Look, Mom! Wisdom!

Or Nine Favorite Nuggets From Fifty Years of Living

 

When I was in my twenties, my mom said to me more than once, “Kristine, all you seem to do is chase after fun. I pray that you get some WISDOM!”

I would shrug and wonder what was so bad about having a good time. I still went to work, paid my bills, and dabbled at my Master’s Degree. Wasn’t fun what made the world go ‘round?

Party Pops (2)Purple Satin Jeans (2)

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About six months ago, it struck me that I was turning fifty soon. I planned on flying under the radar, hoping nobody outside of my family would recognize the significance of the date when it came. You see, I’m an older mommy. I was 42 and 43 when my kids were born. Most of my peers with kids my sons’ age are beautiful ladies in their twenties and thirties.

I sometimes forget all the fun and adventures I had living overseas and dating all the wrong guys while most of my friends my age were married and starting families at home. Instead of remembering how much I have LIVED, I often get stuck in a train of thought that says I’m a clueless newbee to parenthood and these younger women are so cool in their roles as moms.

I was eighteen when my dad turned 50. I thought it was an accomplishment worthy of exalting, so I told EVERYONE.

“No, really, you don’t have to tell people,” Dad pleaded kindly.

“Are you kidding?! You need to be celebrated, Dad!”

Now I know how he felt.

1989 grin

I had a sort of epiphany this fall and decided to embrace my age. Arriving at this vintage age might give me enough clout to share what I’ve learned along the way.

20181226 Cruise Steve Me silly

So here I am, arriving at fifty, and I actually have some wisdom to share! 

I have 9 nuggets of wisdom for you.

Here’s the list before I elaborate:

  1. People are doing the best they can.
  2. Have friends of varied world views.
  3. Shut down gossip.
  4. Tears are prayer.
  5. God is bigger than your faith tradition.
  6. Cater to your strengths. (You are a gift.)
  7. Follow your joy.
  8. Evolve
  9. Practice thankfulness.

*          *          *

  1. People are doing the best they can.

I learned this from Brene Brown. I thought it was a load of crap at first. After all, I have willingly brought my B-game and my C-game places.

Two Christmases ago, I was so busy teaching at the local community college that I brought my C-game to decorating the house and doing pre-Christmas activities with my sons. Because of this, I believed that, if I was willing to not do my best at times, then I was living proof that people aren’t always doing their best.

Another example would be the times my college students turned in assignments that they didn’t give their all. I knew they could do better. Again, Ms. Brown’s statement was proven false.

Or was it?

Maybe my students and I were willing to do less than our best because that’s all we had to give at the time.

That Christmas season, while I was giving a sizeable part of my heart and my energy to students, I wasn’t willing to expend 100% of my energy on Christmas decorations. My husband and I are probably the only ones who knew that the Christmas décor was simpler that year. While I left my silver tumbleweeds in their boxes and put out fewer nativity scenes, I knew that my kids had a good Christmas. They didn’t miss out on any of the magic.

Maybe my students had bigger things going on, and they were okay with turning in a B or a C product. It’s better than not doing the assignment at all, right? I bet that’s all they had to give at the time.

So, even though those students and I were capable of more, maybe there was another factor: we chose to allocate our energies elsewhere, dividing things up as best we could.

Brene Brown’s husband told her that it helps his peace of mind to treat each person as if they are giving their best. I realized that adopting his mindset helps me treat people with respect and value. I completely buy into it now because it honors people. It has improved my quality of life and my peace of mind to assume they are giving their best.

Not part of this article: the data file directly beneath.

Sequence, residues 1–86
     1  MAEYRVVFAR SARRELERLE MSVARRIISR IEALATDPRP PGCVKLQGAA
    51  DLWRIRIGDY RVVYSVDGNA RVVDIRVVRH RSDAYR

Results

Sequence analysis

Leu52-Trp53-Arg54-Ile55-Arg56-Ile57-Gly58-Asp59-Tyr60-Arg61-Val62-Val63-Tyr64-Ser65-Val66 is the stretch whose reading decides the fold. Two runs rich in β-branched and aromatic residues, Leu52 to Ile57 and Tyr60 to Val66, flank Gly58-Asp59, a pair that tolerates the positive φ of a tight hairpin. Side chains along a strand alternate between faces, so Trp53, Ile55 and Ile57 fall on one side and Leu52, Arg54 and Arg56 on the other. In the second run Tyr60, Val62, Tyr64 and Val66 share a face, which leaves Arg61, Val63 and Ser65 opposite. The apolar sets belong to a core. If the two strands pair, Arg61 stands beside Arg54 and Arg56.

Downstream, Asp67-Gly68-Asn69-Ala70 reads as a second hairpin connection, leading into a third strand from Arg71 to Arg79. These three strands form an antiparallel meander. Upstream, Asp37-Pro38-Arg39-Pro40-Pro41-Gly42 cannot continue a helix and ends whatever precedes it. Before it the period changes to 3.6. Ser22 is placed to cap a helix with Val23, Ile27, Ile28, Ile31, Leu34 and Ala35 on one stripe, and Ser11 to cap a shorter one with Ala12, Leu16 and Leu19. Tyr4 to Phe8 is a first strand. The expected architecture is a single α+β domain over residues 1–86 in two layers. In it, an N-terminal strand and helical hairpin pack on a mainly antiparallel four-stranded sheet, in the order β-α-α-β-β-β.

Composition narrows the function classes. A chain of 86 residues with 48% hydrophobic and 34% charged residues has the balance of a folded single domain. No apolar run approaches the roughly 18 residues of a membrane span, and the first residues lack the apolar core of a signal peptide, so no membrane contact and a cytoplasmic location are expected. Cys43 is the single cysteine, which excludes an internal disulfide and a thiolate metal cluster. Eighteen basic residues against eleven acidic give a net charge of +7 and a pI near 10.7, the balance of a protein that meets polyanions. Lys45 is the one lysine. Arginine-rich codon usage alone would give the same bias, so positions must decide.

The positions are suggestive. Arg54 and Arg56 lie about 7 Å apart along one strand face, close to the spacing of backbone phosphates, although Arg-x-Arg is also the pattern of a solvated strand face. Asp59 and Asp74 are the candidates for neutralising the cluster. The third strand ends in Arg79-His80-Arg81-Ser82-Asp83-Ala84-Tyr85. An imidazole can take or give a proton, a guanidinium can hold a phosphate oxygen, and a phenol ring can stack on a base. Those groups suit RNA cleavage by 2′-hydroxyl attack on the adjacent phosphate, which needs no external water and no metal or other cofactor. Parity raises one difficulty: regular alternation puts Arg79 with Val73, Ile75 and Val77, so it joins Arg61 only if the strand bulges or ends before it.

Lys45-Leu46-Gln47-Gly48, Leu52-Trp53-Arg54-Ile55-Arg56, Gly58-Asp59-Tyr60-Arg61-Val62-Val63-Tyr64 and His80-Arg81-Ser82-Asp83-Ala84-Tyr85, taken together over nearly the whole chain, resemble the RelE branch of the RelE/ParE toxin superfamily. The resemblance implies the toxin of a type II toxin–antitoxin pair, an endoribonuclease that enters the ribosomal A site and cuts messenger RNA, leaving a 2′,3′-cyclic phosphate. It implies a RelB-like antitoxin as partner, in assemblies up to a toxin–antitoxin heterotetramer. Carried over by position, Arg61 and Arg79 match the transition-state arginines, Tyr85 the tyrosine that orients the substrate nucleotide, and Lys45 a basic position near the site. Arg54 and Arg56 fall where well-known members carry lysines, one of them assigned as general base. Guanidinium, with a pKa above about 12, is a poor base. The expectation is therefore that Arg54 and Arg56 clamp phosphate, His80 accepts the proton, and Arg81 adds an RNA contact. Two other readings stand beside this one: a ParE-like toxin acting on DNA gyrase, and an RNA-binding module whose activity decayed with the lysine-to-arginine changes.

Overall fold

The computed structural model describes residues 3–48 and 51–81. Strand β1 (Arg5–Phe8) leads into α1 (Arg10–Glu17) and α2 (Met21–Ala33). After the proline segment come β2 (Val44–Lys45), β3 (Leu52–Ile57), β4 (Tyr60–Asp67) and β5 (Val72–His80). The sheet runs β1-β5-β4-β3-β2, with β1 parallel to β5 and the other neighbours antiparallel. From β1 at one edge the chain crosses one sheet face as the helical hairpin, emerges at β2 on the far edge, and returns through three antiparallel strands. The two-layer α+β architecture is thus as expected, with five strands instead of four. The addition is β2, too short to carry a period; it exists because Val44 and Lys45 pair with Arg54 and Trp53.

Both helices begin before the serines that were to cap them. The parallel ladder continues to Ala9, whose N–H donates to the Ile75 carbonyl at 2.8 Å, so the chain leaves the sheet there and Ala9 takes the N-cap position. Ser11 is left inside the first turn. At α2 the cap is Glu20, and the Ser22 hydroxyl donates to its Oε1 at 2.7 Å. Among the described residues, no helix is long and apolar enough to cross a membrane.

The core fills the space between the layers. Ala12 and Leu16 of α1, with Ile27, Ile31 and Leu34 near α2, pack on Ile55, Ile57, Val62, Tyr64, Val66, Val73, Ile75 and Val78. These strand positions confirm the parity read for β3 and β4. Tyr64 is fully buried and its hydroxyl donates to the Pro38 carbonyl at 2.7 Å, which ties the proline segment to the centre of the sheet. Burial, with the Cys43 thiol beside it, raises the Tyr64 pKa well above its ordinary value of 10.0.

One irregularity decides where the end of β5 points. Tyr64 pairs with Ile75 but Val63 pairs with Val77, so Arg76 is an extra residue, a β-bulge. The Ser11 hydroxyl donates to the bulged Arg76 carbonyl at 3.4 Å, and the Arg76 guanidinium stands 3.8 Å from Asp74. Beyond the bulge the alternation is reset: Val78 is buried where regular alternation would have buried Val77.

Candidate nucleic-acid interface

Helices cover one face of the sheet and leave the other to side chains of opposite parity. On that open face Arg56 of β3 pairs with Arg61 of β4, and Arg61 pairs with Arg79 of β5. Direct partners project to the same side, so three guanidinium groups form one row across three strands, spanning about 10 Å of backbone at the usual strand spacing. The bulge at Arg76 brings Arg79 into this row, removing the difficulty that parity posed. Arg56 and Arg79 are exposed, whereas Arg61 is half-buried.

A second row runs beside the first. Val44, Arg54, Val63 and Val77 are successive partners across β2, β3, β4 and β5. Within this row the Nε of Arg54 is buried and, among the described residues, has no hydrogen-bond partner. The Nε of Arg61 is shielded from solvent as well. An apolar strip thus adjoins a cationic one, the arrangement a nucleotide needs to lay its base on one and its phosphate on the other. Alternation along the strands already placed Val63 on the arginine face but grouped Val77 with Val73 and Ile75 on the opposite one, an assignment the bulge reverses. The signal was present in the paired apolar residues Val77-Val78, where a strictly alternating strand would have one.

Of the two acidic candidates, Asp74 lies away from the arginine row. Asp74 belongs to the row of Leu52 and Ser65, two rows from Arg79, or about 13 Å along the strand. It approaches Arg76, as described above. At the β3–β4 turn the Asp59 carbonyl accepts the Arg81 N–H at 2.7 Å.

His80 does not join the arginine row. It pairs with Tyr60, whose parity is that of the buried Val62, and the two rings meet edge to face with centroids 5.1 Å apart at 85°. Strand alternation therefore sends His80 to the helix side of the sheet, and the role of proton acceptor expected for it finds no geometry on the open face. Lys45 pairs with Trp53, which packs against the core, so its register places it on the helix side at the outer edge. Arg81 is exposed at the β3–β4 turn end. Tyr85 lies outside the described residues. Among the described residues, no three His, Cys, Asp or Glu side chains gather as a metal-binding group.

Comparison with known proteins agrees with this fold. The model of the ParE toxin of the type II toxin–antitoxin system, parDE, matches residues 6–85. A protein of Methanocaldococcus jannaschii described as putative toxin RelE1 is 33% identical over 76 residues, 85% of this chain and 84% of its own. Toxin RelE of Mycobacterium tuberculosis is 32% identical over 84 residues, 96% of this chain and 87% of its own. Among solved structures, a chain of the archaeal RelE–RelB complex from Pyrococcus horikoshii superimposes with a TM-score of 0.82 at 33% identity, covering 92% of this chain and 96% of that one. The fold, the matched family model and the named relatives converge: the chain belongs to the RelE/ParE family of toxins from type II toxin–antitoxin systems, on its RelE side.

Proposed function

If I haven’t convinced you, let Brene Brown tell you herself. Go here to listen to her chapter on “Sewer Rats and Scofflaws” from her book Rising Strong: https://brenebrown.com/downloads/

 

  1. Have friends of varied world views.

Love them for who they are, with no objective to change them.

Listen to their opinions. Let those opinions either strengthen your own opinions or adjust them.

Be fully present to them. Let them grow your horizons.

And here’s something I need to heed better myself: be second to share your views.

 

  1. Shut down gossip.

Speaking of friends, make sure you acknowledge the need for confidentiality when someone shares with you. Ask for it. Offer it. There’s value in being straightforward. This is the ticket to a healthy relationship.

Do you share things that aren’t your place to share?  That diminishes my trust of you.

If you share other people’s business in order to connect, then you’re creating a counterfeit relationship.

Know the difference between sharing to care and sharing to be a vulture. If a mutual friend needs you both, then share with this end in mind. Then bring the casserole, call to check on her, or whatever is appropriate. If you’re sharing a juicy tidbit because it’s the latest fodder for conversation, consider consuming a brownie instead. It will look far better on your hips than having the reputation of a vulture.

 

  1. Tears are prayer.

One day, I wept for what a friend was facing.

It was going to be a busy day, and I had to pull it together, so I needed to pray for her and leave it in God’s hands. As I dried my tears and fought to form words to petition God, the Holy Spirit showed me in a vision that I had already prayed. THE TEARS WERE THE PRAYER.

God didn’t need words or formality. I didn’t have to address it to him because my very being had already done that. Heaven had heard the tears and was acting upon them.

Before you think this idea absurd, I found out later that it’s Biblical: Psalm 56:8 says, “You yourself have counted up my sorrows, collect my tears in your wineskin.” Romans 8:26 also applies here, “In the same way the Spirit also helps our weakness; for we do not know how to pray as we should, but the Spirit Himself intercedes for us with groanings too deep for words…” The part of us that was made to cry is able to share the “groan” with God directly.